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Deadly Cholera Could Return, Warn Municipal Officials in Harare, Zimbabwe

Deputy Mayor Emmanuel Chiroto said Harare has been struggling to make sure residents have access to clean water, but it is having trouble keeping up with trash collections in most of the capital’s townships

Municipal officials in the Zimbabwean capital of Harare are warning of mounting risk of a new new cholera epidemic in the country as waterborne diseases such as typhoid, dysentery and watery diarrhea surge toward dangerous levels.

Harare Deputy Mayor Emmanuel Chiroto said most of the conditions are in place for a cholera epidemic on the scale seen from late 2008 to mid-2009 when nearly 100,000 cases were reported and the disease claimed the lives of more than 4,200 people.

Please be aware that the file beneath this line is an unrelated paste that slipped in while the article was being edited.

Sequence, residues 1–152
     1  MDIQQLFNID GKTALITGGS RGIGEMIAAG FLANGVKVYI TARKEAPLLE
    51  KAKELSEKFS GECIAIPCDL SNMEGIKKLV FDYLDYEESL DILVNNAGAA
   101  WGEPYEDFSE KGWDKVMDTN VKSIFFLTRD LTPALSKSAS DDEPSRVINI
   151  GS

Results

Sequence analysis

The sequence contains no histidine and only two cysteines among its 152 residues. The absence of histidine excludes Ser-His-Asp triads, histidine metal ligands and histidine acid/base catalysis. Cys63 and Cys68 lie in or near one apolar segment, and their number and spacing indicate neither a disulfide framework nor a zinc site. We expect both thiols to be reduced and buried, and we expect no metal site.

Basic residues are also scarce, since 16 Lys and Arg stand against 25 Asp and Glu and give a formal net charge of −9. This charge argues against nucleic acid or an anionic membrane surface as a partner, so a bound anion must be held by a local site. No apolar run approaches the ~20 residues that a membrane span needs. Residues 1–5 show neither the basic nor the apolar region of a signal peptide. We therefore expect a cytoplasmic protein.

Chiroto said Harare has been struggling to make sure residents have access to clean water and is having difficulty keeping up with rubbish collections in most townships.

Last week the United Nations launched its annual consolidated appeal process for Zimbabwe with a target of US$268 million for humanitarian aid in 2012.

Officials cited long neglect of water and sanitation systems which has left 8 million Zimbabweans vulnerable to water contamination and disease.

Chiroto told VOA reporter Sandra Nyaira that many in the city are vulnerable to water-borne diseases as they drink from unprotected water sources.

Dr. Portia Manangazira, the Ministry of Health's chief of epidemiology and disease control, said residents should collect rain to improve supplies of clean water.

"We really have a problem, especially now when the rainy season has begun," said Dr. Manangazira. "What makes it worse is that most of the cities, especially Harare, have told us that they cannot provide adequate and quality water so we have a crisis."

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